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Cable vows to end 'abuse' of zero-hours contracts

Business secretary Vince Cable will today promise a crackdown on zero-hours contracts in a speech at the Liberal Democrat conference in Glasgow.

The minister will use his keynote speech to announce a consultation to examine what he will claim are "abuses in the system" around zero-hours contracts.

Under the plans employers will no longer be able to demand employees work exclusively for them, unless they provide agreed minimum hours. However, Cable is not expected to call for an outright ban.

"This controversial practice, where workers are denied any fixed hours, is much more widely used than we had previously thought," Cable will say.

The number of employers using the controversial contracts is unknown. Earlier this year the ONS predicted 250,000 workers are on them, the CIPD said there could be one million, and last week trade union group Unite predicted around 5.5 million workers could be on a zero-hours contract.

Cable's measures are seen as an attempt to challenge the Conservative party's stance on workers' rights.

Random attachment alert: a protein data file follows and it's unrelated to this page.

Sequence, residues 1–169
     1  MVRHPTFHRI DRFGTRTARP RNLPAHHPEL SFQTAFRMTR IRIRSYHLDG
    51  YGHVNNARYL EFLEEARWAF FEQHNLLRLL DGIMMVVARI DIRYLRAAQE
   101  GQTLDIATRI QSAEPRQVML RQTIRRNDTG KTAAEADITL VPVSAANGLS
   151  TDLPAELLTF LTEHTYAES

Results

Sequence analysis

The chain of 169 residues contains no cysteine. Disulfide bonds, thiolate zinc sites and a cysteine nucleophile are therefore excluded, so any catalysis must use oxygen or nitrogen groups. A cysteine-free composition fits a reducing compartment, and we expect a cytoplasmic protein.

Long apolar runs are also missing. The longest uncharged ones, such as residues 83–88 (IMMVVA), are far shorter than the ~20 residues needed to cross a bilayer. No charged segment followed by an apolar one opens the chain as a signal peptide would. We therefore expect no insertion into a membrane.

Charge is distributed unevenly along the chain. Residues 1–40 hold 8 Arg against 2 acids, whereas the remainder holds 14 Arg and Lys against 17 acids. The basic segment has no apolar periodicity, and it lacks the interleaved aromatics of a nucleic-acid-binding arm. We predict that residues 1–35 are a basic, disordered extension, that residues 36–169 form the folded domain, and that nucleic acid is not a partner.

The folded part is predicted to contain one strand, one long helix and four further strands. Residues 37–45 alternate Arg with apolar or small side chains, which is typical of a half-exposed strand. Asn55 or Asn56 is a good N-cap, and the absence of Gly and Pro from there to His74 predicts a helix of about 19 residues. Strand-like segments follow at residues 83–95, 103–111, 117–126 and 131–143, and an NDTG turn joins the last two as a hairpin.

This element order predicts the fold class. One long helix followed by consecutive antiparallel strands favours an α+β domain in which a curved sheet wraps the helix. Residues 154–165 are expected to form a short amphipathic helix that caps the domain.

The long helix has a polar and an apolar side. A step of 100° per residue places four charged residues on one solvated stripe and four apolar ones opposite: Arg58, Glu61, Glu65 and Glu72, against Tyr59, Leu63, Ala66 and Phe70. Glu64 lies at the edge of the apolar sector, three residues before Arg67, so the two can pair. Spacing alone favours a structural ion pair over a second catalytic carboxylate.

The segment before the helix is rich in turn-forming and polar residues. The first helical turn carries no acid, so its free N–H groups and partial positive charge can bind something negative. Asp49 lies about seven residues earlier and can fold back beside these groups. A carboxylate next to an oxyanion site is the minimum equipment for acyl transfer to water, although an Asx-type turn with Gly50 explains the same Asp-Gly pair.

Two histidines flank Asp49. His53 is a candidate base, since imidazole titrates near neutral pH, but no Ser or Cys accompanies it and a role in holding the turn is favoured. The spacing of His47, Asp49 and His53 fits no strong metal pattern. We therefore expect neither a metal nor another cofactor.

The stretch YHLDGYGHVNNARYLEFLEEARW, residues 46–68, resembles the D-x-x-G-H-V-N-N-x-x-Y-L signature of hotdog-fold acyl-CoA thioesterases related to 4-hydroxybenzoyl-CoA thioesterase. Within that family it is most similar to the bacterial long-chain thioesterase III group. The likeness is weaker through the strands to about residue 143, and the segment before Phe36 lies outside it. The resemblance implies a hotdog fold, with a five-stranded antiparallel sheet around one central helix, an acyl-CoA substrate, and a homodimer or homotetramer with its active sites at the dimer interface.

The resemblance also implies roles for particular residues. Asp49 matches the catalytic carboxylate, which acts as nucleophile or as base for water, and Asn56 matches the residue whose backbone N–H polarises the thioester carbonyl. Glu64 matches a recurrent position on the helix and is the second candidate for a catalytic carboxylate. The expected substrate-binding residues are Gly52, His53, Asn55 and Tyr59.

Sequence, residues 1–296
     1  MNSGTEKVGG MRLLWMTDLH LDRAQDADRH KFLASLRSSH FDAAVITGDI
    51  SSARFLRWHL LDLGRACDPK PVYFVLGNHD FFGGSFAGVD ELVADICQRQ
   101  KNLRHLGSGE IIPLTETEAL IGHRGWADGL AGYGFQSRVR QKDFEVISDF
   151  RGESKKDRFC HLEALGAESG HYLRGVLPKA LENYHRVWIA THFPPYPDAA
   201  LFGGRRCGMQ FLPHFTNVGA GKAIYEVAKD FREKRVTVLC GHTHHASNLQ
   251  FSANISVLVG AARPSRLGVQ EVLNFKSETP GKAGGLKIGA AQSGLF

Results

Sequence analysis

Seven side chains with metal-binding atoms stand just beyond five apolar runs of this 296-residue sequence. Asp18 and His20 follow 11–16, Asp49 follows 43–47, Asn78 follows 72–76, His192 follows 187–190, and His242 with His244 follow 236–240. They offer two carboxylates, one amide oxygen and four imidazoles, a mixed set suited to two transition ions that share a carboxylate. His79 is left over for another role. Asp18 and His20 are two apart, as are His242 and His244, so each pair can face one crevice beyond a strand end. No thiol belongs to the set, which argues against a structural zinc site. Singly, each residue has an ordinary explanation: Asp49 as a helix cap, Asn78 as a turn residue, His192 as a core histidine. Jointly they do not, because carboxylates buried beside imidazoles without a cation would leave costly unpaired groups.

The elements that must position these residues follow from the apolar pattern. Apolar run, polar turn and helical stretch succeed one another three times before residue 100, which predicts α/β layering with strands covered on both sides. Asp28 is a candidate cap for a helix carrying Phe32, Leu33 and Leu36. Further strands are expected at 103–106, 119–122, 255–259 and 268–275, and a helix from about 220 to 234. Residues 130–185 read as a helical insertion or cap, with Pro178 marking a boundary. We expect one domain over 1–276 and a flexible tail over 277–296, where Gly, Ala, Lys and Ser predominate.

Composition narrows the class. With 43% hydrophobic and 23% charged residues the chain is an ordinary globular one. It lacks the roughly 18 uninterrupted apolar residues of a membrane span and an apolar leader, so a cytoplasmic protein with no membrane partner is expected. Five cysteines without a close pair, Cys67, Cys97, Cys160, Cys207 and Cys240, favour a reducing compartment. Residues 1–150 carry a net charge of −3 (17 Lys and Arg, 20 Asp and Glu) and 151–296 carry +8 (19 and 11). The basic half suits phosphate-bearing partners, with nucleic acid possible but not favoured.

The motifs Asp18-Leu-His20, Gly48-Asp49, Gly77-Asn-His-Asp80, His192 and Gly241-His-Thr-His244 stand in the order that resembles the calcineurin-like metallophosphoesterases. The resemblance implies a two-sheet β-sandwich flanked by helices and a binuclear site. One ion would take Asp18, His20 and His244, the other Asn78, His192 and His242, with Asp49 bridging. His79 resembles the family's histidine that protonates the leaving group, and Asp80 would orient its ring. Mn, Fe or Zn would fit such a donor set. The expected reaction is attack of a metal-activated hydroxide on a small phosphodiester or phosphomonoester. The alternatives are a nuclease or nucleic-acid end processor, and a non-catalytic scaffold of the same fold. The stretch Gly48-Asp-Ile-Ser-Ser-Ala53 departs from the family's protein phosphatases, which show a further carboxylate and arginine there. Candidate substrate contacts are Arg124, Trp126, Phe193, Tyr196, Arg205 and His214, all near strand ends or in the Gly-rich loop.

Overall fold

TUC general secretary Frances O'Grady said that while it was good to hear Cable talk about zero-hours contracts, "warm words" would not achieve change.

"If the Government is serious about ending abusive zero-hours, then it must legislate to stop exploitative employers," she said. "It's time for action rather than more consultations."

Rogue directors

Cable will also unveil proposals to improve transparency surrounding the ownership of businesses by making it easier to disqualify "rogue directors" of companies for longer periods.

"We need to see fairness as well as trust in our director disqualification regime," he will say.

"For too long, a small rotten core has got away with either a slap on the wrist, a ban from working in their own industry or, at the most, a time-limited ban.

"This neglects the fact that rogue directors' decisions affect the lives of the employees they are responsible for and the businesses they deal with.

"That is why I will beef up the laws to ban rogue directors from running British companies, so dodgy directors face the strongest possible consequences for their irresponsible actions."

Minimum wage campaign

Cable is also expected to ask the Low Pay Commission to carry out a study on what economic conditions would be needed for the minimum wage to rise more quickly than it has in recent years without costing jobs.

"The National Minimum Wage is a vital safety net in protecting the low-paid," Cable will say.

"As signs of an economic recovery start to emerge, we need to do more to make sure that the benefits of growth are shared fairly across the board."